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Tuesday, September 30, 2014         

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Bills about graffiti, breast-feeding make agenda

By Sam Eifling

Associated Press

POSTED:



Committee hearings are slowing at the Hawaii state Legislature, so in the coming four-day week, the usual monsoon of public debate will taper to a fine mist.

That's not to say the hearings won't stir some curiosity. On Wednesday a House committee will consider the merits of locking up "graffiti materials," like spray paint, such that anyone wanting a can of Krylon will have to flag down a store employee to access it. And a bill in a hearing Thursday could grant breast-feeding mothers a one-year reprieve from jury duty.

Here are five other things to watch for this week at the statehouse.

» Public-housing smoking: A bill that would ban smoking in and near public housing under penalty of eviction for a third offense (Senate Bill 651, SD 1) goes before a joint committee Thursday. The debate pits public health advocates against the real-world prospect of evicting older or lower-income people from their homes for lighting up.

» Phone cramming: Not sure where those charges on your phone bill came from or why they're so high? A proposed measure (SB 2748) would restrict telecom companies to billing for services that the customer specifically requests. It'll also be in committee Thursday.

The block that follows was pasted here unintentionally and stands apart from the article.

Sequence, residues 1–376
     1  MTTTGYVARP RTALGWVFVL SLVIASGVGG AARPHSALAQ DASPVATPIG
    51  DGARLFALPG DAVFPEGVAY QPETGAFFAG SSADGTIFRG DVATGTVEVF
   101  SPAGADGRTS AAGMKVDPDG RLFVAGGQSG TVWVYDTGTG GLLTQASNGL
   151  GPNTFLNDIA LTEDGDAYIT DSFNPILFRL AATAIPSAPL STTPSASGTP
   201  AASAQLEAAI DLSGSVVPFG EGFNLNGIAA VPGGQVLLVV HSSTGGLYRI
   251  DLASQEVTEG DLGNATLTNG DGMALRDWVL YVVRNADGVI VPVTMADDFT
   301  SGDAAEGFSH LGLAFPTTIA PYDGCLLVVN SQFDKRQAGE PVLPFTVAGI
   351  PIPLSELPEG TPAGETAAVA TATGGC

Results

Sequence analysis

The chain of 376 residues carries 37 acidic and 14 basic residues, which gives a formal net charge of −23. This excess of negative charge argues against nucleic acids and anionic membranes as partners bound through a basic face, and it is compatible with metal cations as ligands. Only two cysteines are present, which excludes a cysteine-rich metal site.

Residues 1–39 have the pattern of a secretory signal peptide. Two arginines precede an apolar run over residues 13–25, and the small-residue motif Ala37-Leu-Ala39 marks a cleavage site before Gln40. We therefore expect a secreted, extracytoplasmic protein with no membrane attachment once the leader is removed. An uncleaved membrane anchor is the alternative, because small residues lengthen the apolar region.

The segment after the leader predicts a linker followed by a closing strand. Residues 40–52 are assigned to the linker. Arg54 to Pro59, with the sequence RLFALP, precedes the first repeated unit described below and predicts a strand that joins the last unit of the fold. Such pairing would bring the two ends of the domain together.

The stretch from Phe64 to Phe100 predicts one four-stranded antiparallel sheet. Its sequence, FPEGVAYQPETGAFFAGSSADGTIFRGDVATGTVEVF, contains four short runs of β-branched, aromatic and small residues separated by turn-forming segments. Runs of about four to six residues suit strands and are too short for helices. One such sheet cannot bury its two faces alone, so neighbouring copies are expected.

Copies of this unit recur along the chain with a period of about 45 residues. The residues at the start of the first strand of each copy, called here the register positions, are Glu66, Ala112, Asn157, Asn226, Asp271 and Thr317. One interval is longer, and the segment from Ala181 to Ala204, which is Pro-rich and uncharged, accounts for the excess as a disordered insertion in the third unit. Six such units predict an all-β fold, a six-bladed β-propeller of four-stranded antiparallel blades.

» Transporting invasives: Nurseries or landscapers that move plants infested with little fire ants or coqui frogs, both pernicious invasive species, would face the prospect of paying for extermination costs if those pests infest other properties under a bill (SB 2347) up for consideration Thursday.

» Prison upkeep: The Department of Public Safety will offer an informational briefing Wednesday about maintaining, building and improving prisons and jails in Hawaii.

» Drone privacy: A bill (SB 2608) aimed at ensuring that unmanned aircraft aren't used to impinge on the privacy of Hawaii residents will be in committee Tuesday. It would prohibit anyone but law enforcement from using drones to gather information and would curtail law enforcement's latitude to do so.






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